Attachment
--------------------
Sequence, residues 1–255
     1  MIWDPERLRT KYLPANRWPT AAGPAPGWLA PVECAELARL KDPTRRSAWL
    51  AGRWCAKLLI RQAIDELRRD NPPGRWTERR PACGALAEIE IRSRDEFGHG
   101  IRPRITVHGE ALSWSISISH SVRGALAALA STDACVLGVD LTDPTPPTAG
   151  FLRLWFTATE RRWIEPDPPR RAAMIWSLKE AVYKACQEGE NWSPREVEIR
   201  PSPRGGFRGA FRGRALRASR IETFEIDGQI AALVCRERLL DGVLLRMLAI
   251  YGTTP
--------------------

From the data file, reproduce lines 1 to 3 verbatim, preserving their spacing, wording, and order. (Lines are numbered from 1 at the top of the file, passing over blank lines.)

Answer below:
Sequence, residues 1–255
     1  MIWDPERLRT KYLPANRWPT AAGPAPGWLA PVECAELARL KDPTRRSAWL
    51  AGRWCAKLLI RQAIDELRRD NPPGRWTERR PACGALAEIE IRSRDEFGHG